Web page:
Daily Reflection
of Creighton University's Online Ministries
September 23rd, 2011

Deb Fortina

Academic Affairs
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Friday of the 25th Week in Ordinary Time
[453] Haggai 2:1-9
Psalm 43:1, 2, 3, 4
Luke 9:18-22

Haggai  2: 1-9 …And take courage, all you people of the land, says the LORD, and work!  For I am with you...”

Psalm 43:  1, 2, 3, 4 …Send forth your light and your fidelity; they shall lead me on…”

Luke 9: 18-22 “…’Who do the crowds say that I am?’...’The Christ of God.’…”

St. Pio of Pietrelcina (1887 – 1968), known to most of us as Padre Pio, until he was beatified in 2002.  Among his spiritual gifts were bi-location, prophesy, complete union with Christ during prayer and of course most knew about the five wounds of Christ, called the stigmata, which he had continuously from 1918 up until his death (on the night he died they were healed).   He suffered from the attention, not to mention the wounds and he was in ill health continuously.  But, that did not deter him from hearing confessions, praying with the many visitors who sought him out in the remote “heal” area of Italy called San Giovanni Rotondo in the Gargano Mountains.  Of course there were detractors, and so for awhile he was forbidden to say Mass publically.  But Padre Pio did not get discouraged; he prayed for all the departed souls whose names God had entrusted to him.  In the book, Padre Pio, the True Story, by C. Bernard Ruffin, he describes a prayer life that included communication with Jesus and Mary and the angels, sometimes his own, but many times, the guardian angels of people who had asked him for prayer.  He said the angels were much quicker messengers than relying on our human skills.  Pious and humble, St. Padre Pio was a saint in our day. 

In today’s readings, I found myself thinking about modern day prophets.  From Haggai, the long ago prophet asks us to take courage, for God is with us and we will have peace.  He is encouraging the people to get moving on rebuilding their temple, but the message to get up and keep moving can be applied to our work as Christians today.  Keep shining the Light, the Lord is with us.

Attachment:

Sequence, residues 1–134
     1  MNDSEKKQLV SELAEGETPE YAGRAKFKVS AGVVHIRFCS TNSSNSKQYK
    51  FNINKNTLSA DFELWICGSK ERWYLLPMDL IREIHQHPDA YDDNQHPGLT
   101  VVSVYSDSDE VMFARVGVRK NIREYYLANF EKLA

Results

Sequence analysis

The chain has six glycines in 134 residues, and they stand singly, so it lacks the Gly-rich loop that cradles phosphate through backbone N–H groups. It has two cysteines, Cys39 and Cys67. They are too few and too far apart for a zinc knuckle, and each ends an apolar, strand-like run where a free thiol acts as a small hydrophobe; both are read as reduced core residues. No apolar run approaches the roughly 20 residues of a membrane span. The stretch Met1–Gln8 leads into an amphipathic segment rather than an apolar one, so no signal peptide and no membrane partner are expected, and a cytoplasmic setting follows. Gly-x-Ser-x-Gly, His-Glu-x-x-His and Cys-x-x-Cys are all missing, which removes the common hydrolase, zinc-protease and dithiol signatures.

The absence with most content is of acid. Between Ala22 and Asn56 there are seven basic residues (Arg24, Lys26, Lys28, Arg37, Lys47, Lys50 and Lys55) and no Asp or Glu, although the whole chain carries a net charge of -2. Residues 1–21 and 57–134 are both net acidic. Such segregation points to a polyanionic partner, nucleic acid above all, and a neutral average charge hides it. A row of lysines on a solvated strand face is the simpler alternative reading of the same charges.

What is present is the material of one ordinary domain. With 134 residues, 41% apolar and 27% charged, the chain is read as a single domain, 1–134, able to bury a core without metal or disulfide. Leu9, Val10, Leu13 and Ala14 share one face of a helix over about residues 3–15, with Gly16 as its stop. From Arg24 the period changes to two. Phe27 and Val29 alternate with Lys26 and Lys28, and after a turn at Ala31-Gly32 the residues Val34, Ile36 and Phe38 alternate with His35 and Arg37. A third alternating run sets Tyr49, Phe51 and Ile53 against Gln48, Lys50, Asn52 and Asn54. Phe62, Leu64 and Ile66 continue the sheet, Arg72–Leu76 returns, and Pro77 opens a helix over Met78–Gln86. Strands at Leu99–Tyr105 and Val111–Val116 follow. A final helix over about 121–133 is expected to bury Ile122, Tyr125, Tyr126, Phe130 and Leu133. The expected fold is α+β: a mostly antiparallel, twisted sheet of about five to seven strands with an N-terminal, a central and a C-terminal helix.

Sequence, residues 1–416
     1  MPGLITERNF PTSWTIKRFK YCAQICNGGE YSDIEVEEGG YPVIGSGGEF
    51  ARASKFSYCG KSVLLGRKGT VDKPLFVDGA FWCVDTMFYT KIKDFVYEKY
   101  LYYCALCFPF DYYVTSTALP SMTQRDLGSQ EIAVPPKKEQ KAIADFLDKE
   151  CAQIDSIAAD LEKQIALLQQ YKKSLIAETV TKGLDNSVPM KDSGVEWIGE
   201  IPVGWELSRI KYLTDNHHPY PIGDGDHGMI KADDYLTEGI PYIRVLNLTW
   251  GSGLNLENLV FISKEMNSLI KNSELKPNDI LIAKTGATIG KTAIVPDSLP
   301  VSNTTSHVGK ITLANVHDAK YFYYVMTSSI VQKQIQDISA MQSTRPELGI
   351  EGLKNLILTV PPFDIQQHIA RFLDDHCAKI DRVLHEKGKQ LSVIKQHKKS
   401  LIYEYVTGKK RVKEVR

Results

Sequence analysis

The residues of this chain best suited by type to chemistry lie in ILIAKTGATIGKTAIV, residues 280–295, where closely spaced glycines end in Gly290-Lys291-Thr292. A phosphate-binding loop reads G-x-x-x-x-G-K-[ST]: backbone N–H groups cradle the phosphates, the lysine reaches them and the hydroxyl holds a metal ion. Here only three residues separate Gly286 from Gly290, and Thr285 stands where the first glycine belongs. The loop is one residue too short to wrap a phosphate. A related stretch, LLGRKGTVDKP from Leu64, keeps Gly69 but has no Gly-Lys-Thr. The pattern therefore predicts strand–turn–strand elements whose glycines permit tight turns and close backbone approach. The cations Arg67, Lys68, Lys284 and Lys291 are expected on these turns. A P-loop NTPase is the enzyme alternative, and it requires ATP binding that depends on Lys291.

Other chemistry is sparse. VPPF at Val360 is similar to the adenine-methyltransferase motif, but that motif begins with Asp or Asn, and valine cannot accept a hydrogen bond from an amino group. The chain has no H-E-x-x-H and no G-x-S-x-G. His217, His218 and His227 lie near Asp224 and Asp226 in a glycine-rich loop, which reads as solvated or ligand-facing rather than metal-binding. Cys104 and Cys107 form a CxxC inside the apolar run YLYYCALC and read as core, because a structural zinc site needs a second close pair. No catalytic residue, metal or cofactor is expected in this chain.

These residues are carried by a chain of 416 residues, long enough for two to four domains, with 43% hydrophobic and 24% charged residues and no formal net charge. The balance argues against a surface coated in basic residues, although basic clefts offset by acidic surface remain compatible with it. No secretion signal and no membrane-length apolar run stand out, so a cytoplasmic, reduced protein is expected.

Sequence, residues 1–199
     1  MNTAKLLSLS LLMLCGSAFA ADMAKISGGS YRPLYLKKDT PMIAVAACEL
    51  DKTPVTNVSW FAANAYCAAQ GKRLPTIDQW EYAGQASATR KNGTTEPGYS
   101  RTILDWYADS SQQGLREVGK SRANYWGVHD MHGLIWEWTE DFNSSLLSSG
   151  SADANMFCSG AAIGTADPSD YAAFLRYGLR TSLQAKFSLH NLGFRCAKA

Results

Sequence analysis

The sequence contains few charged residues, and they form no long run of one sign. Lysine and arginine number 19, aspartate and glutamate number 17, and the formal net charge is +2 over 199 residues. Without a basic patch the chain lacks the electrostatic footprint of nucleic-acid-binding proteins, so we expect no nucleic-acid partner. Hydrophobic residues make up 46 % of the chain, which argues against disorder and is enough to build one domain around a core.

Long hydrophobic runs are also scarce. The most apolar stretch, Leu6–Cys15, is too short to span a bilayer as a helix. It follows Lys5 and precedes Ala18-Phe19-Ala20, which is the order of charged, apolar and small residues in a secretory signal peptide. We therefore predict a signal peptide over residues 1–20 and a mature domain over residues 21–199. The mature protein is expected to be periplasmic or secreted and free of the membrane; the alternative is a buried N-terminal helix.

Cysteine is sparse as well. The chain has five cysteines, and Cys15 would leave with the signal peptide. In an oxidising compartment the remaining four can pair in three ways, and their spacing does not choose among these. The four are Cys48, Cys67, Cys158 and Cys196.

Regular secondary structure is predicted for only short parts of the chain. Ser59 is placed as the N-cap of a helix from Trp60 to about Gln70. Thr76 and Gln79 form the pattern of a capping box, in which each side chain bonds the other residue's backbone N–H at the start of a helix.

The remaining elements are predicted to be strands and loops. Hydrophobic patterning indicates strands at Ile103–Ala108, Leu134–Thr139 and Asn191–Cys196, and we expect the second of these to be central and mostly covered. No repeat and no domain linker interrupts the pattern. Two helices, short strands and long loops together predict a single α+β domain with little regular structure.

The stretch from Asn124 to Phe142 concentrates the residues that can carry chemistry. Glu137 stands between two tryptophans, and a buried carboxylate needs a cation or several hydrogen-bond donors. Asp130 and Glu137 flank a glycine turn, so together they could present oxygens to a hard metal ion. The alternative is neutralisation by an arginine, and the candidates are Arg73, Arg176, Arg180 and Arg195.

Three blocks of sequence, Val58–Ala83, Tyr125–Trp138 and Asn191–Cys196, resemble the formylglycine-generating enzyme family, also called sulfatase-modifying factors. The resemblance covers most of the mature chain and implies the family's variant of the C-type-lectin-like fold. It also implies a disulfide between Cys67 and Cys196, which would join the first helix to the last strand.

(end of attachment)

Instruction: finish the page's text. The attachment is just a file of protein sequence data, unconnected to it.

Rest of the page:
In the Gospel, Jesus asks his disciples who people think he is.  Of course they think he is a prophet, even one who was before and may have returned.  So, I kept thinking about us today and how we need prophets too.  In Jesus, day people did not have the Holy Spirit, and because Jesus left we have access to the Lord through the Holy Spirit at will.  But, how often do we invoke this special gift from heaven to aid us in our communication; for me, not often enough.  Then I thought about a person I listen to about every day on our Catholic broadcasting channel, Sister Ann Shields, S.G.L.  She is part of Renewal Ministries, and I think you can hear her on their website if it isn’t broadcast in your area.  She is somewhat of a prophet to me.  She is gentle but sure as she breaks open the Word every day of the week. I have several friends who really like her too.  Others I’ve heard called prophets in our time are our Popes.  But as in the days of old, we criticize and ignore at our peril.  Jesus says further in today’s reading, “The Son of Man must suffer greatly and be rejected by the elders, the chief priests, and the scribes, and be killed and on the third day be raised.”  Prophet or God Himself, the people did not like the Good News then either.  He is Risen, Lord help us to turn to you during these trying times.
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